Speculation Unlimited Part VIII: The Future

The future is a wonderful thing to speculate about. You can say anything you like and by the time it gets here, almost everyone will have forgotten about it. Just don’t market it too loudly or you will be on the receiving end of movies like Tomorrowland.

Before we get to the future, I want to say a few things about the present. We live in a remarkable age. This blog post could theoretically be read by most of the adults on Earth, or at least those who can read English, which is still an amazing number of people. There are people who cannot access the internet, but grand efforts are currently being made to reduce that number.

Not only that, but there are seven billion people on the planet, and that number is expected to reach nine billion or more. The possibility of communicating with so many people and with every corner of the globe means we have just started to really think as a human race. We have only just begun.

It was Douglas Adams who spread the idea of the human race as a thinking machine. He probably invented the idea as well. Of course, he pointed out that this world does a much better job of creating questions than it does of creating answers, but it is still a remarkable concept.

Human beings do not think by themselves. Everything we think is a synthesis of a mishmash of other people’s thoughts. We pass along knowledge to the next generation, primarily our children, but not exclusively so, and they keep working on the problems and ideas we leave to them. The human race really does resemble a massive supercomputer.

Increasingly superior methods of communication have allowed people to exchange ideas like never before. First, postal systems democratized long-distance communication, then the telegraph, the telephone, radio, movies and television all ramped up the possibilities. Now, the internet explosion has made long-distance communication so easy and so democratic that it is hard to imagine communication methods improving much from here on out.

The current barrier to communication is now language, so I suppose once everybody learns English the possibilities will multiply several times more. (That was actually intended to be a joke, since it is a rather common and arrogant assumption among my cultural fellows that English is all we need. Strangely, it didn’t really sound like one.)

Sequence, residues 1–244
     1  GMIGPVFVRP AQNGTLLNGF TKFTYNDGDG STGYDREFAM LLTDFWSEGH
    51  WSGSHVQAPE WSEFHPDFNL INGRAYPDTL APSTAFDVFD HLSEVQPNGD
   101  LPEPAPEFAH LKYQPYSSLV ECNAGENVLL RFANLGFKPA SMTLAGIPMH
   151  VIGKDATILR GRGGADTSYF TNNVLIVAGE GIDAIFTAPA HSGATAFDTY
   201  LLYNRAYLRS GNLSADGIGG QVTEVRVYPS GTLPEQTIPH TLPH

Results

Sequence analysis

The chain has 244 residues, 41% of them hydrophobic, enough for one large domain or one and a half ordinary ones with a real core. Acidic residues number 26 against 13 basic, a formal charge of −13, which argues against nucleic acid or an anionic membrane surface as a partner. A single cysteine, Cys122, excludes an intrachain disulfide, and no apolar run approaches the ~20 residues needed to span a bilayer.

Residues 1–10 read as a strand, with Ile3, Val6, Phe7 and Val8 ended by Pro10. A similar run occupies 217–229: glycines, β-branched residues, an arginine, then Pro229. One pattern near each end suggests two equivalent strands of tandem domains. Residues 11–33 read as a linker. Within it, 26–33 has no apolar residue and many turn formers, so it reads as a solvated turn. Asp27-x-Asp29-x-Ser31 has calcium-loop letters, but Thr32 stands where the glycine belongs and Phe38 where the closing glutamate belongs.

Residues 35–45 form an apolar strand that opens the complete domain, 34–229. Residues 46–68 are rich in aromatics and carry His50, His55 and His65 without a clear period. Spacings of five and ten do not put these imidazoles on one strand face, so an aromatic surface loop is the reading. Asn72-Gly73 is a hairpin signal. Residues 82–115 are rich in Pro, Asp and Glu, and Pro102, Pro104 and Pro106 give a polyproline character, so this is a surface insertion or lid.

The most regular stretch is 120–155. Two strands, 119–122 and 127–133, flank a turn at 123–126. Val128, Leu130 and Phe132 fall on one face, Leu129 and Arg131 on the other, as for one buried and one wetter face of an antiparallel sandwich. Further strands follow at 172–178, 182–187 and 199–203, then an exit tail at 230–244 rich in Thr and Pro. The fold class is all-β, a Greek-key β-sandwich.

Still, we can now trade ideas almost without limit. Someone from China or Nigeria or Chile or Samoa or Egypt could read this post and correct me or point out something that turns my thoughts in a new direction. Or it could stimulate their own thoughts and allow them to come to a better conclusion or to understand something entirely different.  Or they could mention one of my ideas to someone else, possibly in Chinese, Yoruban, Spanish, Samoan or Arabic, and that could trigger a new idea in the mind of that third person, who could go on to transmit that new concept to someone else, possibly in a completely new language.

This massive interaction started about 500 years ago and is now reaching astounding levels. It has enormous implications for the development of culture, philosophy, science and technology. People are exposed to new ideas to a degree that has never been possible. People move around the world in ways that were never possible. People marry outside of their culture more often than was ever the case before. Cultural change is inevitable, everywhere.

This makes the future inherently unpredictable. There is no telling where we will be in a hundred years. It could be a total disaster. It could be a paradise. It will most likely be something in between, because people have been pretty consistent in that respect for a very long time and in every location.

Still, here are a handful of predictions that I am willing to make: in the next two decades carbon-based fuels will go into serious decline and computing power will massively increase. We will also come to understand what our genes and epigenes are and what they do. That’s it. (Ok, “epigenes” isn’t a word, but I couldn’t find one that fit.)

I make these three predictions because I am alive, and also because I am an avid reader of the website sciencedaily.com. This website carries news articles about new scientific research. It is clear that a great deal of time and money is currently being invested in finding ways to reduce the cost of solar power, create better batteries (which are needed for alternative energy sources to be truly viable), increase computing power and study our DNA.

We may have an electronic leaf in the relatively near future that works like plants do. We will certainly have much cheaper solar cells. We will also have much better batteries to run our cars and store our electricity. We may have quantum computers or photon computers that make our electronic computers seem like something out of the dark ages. We will definitely have a much better understanding of our DNA and what it does, although it will probably take longer than 20 years to sort that out.

That is where we are headed. Carbon emissions may mostly disappear, which would be a great blessing. The question is, will it be soon enough? I have hope that we will avoid the worst of the effects of increased carbon dioxide levels, but we may not. The Earth is near a tipping point when it comes to land ice and ocean acidity. We really do not know how well the ecological system can adapt to this new reality. We can only try to make things better and hope. My gut instinct tells me that we will make it, but the future is probably not going to be a total paradise. As human beings, we continually solve old problems and create new ones. That is one thing that is not likely to change any time soon.

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